“There was more trauma than anyone realized at the time, actually some damage to the nail, causing it to discolor as it has grown out,” Steve noted. “Not only that, but it was extremely painful, which was, uh, the real problem.”

By “the real problem,” of course he means the rumor that in treating his injury, Tom has become addicted to the painkiller Advil, complicating his return to the site. When reached for comment, Tom spoke of needing to “return to the lab,” refusing to answer any questions about ibuprofen dependency.

They say it’s lonely at the top, and no one knows that better than the coach: juggling lines, redrawing plays on the fly, and wondering who will next land on injured reserve. Next week, we’ll look at center MCB — who recently changed his name to MB, but has yet to get league permission to wear it on his jersey. Last year he got off to a quick start, but his offseason marriage has forced him to be placed on the “physically unable to perform” list.

Toyota Pre Runner

10/10/2008, 3:51 pm -- by | No Comments

I got behind a Toyota Pre Runner today in traffic. Is that like a Four Runner that hasn’t hit puberty yet?

Where Do They Come From?

10/9/2008, 5:08 pm -- by | No Comments

I saw a guy today walking at an angle, employing a quick and purposeful stride that brought him off the shoulder of the road and out into the path of my car. Seconds before I got there, he looked up at me with shock and horror — as though he had never before encountered an automobile in any of his previous forays out into the world.

He stepped back and watched in utter amazement as my car and a pickup truck sped by; he stood and watched us for the longest time as we drove on. Where did he come from? Was he raised by wolves? How could he not be expecting traffic on a busy road in the middle of the day?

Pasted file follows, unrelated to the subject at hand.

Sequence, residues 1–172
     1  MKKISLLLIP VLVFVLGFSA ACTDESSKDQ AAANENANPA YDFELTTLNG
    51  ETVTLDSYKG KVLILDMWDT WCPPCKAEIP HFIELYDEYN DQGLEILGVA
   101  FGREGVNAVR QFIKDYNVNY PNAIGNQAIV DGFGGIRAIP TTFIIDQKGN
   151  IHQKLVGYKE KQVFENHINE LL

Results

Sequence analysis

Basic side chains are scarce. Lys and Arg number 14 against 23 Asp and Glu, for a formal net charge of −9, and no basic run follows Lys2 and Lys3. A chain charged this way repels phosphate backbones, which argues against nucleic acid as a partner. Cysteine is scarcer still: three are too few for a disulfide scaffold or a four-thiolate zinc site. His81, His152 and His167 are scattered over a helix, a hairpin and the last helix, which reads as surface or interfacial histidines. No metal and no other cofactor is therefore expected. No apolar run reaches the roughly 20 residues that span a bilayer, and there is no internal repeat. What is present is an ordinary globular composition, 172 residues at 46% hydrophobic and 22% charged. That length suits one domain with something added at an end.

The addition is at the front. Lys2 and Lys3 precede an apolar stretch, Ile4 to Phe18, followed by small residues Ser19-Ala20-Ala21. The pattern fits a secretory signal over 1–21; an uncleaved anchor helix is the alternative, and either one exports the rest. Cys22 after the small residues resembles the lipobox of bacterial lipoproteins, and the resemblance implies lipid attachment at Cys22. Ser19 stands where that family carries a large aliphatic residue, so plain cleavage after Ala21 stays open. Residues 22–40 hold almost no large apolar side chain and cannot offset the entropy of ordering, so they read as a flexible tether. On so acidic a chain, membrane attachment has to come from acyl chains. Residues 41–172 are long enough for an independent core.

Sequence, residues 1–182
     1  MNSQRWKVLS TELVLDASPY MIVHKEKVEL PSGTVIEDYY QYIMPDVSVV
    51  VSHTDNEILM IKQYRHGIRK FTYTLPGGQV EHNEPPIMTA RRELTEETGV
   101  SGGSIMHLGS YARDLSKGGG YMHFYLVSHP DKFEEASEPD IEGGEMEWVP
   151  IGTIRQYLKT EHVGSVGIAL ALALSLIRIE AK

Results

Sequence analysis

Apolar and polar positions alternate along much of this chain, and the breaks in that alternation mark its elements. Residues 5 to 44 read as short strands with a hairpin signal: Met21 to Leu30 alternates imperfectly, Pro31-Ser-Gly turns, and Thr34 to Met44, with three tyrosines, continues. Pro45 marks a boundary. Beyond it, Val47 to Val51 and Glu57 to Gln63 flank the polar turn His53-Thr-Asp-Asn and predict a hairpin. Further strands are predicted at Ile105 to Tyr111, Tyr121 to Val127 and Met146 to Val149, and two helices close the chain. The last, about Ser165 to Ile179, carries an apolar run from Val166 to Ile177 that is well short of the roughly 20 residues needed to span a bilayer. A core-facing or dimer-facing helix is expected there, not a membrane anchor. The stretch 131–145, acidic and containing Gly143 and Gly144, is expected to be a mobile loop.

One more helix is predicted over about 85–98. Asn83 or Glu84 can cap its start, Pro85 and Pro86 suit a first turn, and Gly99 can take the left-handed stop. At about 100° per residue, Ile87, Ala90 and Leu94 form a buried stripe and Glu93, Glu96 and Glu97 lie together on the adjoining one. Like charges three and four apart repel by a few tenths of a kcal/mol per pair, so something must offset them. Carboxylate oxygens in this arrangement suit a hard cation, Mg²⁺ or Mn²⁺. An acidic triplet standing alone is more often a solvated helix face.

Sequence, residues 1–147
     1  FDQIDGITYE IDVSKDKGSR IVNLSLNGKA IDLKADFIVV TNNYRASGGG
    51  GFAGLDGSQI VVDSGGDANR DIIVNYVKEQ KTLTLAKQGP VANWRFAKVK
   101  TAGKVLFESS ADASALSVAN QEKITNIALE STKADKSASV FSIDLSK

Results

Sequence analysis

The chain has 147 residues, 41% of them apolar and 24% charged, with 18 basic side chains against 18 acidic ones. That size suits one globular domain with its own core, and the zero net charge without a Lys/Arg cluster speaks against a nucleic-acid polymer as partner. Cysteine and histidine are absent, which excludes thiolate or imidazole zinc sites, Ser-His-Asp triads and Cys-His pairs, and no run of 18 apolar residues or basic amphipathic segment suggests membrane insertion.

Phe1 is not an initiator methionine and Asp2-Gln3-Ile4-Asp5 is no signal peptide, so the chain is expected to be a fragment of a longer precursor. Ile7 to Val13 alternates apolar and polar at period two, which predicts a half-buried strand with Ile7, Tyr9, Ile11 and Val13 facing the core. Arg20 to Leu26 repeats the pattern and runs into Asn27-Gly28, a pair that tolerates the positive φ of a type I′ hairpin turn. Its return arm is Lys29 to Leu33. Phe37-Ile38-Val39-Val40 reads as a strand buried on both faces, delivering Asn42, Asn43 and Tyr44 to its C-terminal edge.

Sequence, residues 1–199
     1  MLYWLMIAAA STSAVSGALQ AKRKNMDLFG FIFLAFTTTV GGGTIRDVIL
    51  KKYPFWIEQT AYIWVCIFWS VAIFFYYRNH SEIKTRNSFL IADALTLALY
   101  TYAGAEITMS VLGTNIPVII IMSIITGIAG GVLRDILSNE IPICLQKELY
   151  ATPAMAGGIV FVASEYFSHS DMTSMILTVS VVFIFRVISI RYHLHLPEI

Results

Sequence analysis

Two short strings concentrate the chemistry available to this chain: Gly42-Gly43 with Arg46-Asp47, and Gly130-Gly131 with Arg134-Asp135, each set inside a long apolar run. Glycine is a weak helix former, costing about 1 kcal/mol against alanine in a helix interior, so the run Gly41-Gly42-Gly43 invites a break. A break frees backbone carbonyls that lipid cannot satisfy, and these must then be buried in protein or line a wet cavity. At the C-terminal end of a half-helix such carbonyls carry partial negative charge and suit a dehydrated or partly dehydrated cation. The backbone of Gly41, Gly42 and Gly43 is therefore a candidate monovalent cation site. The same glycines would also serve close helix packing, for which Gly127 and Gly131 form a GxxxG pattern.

People like that puzzle me.

One More Song

10/9/2008, 9:30 am -- by | No Comments

I\’ve had a song stuck in my head for a long time now. It\’s an old song — I don\’t know how old, maybe 4,000 years or so. It\’s from the Bible, Psalm 137, and it was written by a Jew carried away captive by Nebuchadnezzar, king of Babylon. I’ve never heard the tune and I don\’t even know all the words, but every time I read the Psalms, it catches me again, like a burning bush, an enigma I cannot turn away from.

It’s about a musician among the captives who sat down by the river and wept when he reached Babylon. The Babylonian soldiers taunted him, asking for a song about his homeland Zion, but he flung his harp into a willow tree along the bank of the river and refused to sing. All he could think about was his devastated life and revenge toward the ones who had hurt him. He was in no mood to sing.

But somehow, with it all so fresh in his mind, he managed to write one more song.

In that song, he simply poured out his anguish and anger, with one bright spot: “If I forget you, O Jerusalem, let my right hand forget its skill! If I do not remember you, let my tongue cling to the roof of my mouth ”” if I do not exalt Jerusalem above my chief joy.” In the midst of his anger and bitterness, his complete brokenness, he reaffirmed his destiny. His purpose — his whole reason to exist — was bound up in Jerusalem, and he could never forget that.

I read that in 1948, when Israel won its independence, Jewish refugees streamed into the new nation by the thousands, fleeing the horrors of the Holocaust and the persecution that had followed them throughout Europe. They came by train, by boat, by plane; when they arrived at the coast, they took whatever transport they could find to get to Jerusalem. One convoy of rusty trucks rolled into Jerusalem with that verse on the front bumper of the lead vehicle: “If I forget you, O Jerusalem…” If that man’s words, written some 4,000 years before, could still inspire the hopeless in those times, it’s no wonder that they can still reach me on this dark, rainy Alabama day in early October, 2008.